Modeling of the effect of intentionally introduced traps on hole transport in single-crystal rubrene

Javier Dacuña, Amit Desai, Wei Xie, Alberto Salleo

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6 Scopus citations


Defects have been intentionally introduced in a rubrene single crystal by means of two different mechanisms: ultraviolet ozone (UVO) exposure and x-ray irradiation. A complete drift-diffusion model based on the mobility edge (ME) concept, which takes into account asymmetries and nonuniformities in the semiconductor, is used to estimate the energetic and spatial distribution of trap states. The trap distribution for pristine devices can be decomposed into two well defined regions: a shallow region ascribed to structural disorder and a deeper region ascribed to defects. UVO and x ray increase the hole trap concentration in the semiconductor with different energetic and spatial signatures. The former creates traps near the top surface in the 0.3-0.4 eV region, while the latter induces a wider distribution of traps extending from the band edge with a spatial distribution that peaks near the top and bottom interfaces. In addition to inducing hole trap states in the transport gap, both processes are shown to reduce the mobility with respect to a pristine crystal. © 2014 American Physical Society.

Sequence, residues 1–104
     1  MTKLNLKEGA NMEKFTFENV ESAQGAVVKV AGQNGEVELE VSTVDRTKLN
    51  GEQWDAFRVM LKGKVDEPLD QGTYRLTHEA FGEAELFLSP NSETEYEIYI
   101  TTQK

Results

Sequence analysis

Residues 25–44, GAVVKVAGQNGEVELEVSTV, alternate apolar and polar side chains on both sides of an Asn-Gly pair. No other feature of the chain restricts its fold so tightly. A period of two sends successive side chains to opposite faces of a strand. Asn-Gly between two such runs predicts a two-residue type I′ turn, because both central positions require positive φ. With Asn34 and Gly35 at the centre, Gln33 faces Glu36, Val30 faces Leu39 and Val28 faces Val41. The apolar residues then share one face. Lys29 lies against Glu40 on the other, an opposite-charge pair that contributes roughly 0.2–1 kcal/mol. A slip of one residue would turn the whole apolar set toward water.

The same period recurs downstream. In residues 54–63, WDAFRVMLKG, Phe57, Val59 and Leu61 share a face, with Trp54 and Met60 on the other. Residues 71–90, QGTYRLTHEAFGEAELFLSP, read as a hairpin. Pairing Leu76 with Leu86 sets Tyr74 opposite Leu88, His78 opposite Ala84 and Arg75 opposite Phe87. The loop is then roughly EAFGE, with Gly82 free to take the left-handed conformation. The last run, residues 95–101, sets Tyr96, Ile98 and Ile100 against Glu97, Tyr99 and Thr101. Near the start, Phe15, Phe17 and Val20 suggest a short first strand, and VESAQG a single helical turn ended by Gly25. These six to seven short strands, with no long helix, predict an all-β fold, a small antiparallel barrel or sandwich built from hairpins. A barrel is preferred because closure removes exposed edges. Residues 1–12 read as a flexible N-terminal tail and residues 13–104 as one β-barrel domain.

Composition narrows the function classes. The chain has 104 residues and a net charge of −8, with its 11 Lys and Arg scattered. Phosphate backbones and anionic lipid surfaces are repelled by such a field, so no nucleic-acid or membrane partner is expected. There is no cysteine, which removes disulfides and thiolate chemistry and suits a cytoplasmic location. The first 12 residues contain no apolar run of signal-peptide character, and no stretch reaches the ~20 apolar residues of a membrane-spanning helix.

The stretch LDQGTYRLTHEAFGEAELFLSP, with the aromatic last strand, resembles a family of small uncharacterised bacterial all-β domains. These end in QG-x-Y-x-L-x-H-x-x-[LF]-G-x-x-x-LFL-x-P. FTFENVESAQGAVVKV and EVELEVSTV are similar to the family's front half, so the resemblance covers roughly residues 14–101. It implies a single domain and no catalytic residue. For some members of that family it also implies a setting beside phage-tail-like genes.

Original languageEnglish (US)
JournalPhysical Review B
Issue number24
StatePublished - Jun 5 2014
Externally publishedYes

Bibliographical note

KAUST Repository Item: Exported on 2020-10-01
Acknowledged KAUST grant number(s): KUS-C1-015-21
Acknowledgements: This paper was based on work supported by the Center for Advanced Molecular Photovoltaics (Award No. KUS-C1-015-21), made by King Abdullah University of Science and Technology (KAUST). We would like to thank Professor Daniel Frisbie for providing the materials used in this work.
This publication acknowledges KAUST support, but has no KAUST affiliated authors.


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